Studying the Use of VINA and PLANTS in Protein-Peptide Docking

Date of Award


Degree Type


Degree Name

Master of Science (MS)



First Advisor

Prof. Joseph Audie


Summary: Two different computational protein-ligand docking programs, namely VINA and PLANTS, have been analyzed for their ability to predict the docking behavior of fifty three small peptides contained in the LEADS-PEP database. The comparison of the obtained VINA results enabled us to verify previously published results according to which both docking methods provided accurate results for the description of the docking behavior of small peptides. The PLANTS results extend previous work and reinforces the usefulness of small molecule docking programs for docking small peptides. However, both methods failed to provide an accurate model for the docking behavior of bigger peptides, as indicated by primarily increasing RMSD values with respect to control x-ray crystal structures. These results are comparable to those described in the literature, according to which the size of the peptide has a significant influence on the ability to model its binding behavior by using small docking methods like VINA and PLANTS.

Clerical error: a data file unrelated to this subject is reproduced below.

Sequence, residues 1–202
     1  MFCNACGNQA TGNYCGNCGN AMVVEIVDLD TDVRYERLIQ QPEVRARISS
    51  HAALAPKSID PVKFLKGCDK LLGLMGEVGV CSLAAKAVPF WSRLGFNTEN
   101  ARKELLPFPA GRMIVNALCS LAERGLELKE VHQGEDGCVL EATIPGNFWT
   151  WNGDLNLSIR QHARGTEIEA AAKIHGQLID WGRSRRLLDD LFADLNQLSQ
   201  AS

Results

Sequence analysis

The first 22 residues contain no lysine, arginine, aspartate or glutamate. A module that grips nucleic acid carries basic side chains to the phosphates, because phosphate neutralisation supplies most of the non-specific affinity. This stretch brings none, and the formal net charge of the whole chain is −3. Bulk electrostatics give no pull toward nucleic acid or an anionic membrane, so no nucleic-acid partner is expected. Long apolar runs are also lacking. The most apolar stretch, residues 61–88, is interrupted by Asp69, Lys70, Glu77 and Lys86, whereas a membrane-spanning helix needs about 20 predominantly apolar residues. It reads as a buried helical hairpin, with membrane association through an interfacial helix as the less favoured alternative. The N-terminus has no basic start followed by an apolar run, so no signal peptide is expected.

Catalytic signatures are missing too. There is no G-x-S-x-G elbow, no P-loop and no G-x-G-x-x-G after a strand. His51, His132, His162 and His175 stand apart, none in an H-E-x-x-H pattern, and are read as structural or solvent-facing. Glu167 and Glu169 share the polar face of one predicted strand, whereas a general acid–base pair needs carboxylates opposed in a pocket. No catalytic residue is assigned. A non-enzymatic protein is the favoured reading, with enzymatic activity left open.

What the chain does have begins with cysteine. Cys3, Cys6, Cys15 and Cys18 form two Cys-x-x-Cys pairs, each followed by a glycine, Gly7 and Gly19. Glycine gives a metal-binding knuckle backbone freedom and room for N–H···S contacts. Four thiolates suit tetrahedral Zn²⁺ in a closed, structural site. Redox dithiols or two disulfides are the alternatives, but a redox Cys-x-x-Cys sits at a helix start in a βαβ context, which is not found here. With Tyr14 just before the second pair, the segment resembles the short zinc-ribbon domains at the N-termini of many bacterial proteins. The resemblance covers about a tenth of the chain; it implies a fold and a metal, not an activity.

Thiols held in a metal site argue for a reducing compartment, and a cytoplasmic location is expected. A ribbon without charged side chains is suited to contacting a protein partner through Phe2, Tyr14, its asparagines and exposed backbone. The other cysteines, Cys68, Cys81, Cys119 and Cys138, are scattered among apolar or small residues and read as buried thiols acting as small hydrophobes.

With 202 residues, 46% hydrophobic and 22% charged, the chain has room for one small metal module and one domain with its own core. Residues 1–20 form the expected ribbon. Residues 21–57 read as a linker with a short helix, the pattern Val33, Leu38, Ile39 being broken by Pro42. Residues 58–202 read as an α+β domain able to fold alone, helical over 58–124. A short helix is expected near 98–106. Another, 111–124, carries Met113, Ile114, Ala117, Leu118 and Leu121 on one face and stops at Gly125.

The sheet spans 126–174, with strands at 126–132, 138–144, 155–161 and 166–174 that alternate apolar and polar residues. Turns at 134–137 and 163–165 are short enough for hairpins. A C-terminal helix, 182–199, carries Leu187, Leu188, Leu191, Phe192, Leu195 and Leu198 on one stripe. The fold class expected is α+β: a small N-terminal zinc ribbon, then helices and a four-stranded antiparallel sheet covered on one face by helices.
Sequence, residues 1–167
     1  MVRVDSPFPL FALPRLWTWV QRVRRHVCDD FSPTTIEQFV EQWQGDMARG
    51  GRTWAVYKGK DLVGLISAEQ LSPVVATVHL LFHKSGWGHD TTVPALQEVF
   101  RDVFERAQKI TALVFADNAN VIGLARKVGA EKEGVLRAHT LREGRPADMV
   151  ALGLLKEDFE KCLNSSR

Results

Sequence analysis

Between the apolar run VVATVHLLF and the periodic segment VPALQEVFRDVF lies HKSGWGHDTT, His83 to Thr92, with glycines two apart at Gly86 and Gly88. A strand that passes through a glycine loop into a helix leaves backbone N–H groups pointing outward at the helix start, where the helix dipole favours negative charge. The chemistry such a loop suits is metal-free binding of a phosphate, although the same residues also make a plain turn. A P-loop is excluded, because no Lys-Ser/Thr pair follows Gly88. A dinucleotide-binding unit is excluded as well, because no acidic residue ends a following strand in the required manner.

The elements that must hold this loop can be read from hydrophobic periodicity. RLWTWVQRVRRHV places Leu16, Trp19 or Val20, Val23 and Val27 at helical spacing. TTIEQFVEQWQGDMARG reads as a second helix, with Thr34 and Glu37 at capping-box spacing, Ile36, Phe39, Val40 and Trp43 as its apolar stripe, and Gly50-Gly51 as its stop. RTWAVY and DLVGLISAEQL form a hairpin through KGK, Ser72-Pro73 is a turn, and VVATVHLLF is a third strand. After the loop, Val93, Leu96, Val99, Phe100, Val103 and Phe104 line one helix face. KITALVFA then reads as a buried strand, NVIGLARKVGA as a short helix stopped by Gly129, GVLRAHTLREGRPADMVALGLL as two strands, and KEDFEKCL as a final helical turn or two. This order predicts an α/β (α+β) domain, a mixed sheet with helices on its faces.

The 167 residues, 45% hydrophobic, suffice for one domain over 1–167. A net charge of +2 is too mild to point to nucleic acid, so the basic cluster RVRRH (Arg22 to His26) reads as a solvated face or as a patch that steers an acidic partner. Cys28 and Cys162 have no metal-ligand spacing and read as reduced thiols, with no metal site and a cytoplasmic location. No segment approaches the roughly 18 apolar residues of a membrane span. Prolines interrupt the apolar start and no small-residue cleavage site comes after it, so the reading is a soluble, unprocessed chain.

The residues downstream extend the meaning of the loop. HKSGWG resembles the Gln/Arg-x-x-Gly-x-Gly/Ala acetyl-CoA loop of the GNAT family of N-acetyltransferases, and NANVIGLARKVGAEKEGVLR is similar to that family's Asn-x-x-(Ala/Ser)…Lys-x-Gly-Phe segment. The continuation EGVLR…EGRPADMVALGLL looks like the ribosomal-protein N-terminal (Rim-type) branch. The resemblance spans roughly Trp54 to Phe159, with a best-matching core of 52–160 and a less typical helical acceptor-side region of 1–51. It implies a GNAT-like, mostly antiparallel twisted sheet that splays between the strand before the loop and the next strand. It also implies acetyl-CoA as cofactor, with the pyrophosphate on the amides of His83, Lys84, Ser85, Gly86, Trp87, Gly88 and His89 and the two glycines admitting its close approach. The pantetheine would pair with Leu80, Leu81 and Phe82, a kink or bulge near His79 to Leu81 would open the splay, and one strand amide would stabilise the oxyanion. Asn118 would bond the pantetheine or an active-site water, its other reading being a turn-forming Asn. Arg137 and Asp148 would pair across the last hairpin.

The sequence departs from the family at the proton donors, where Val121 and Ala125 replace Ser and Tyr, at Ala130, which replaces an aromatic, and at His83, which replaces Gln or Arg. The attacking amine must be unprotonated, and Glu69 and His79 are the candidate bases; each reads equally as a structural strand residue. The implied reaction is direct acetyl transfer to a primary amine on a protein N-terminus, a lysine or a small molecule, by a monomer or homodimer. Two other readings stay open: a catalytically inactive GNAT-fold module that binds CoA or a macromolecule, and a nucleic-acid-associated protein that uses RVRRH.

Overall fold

Master's thesis presented to the Department of Chemistry, Sacred Heart University.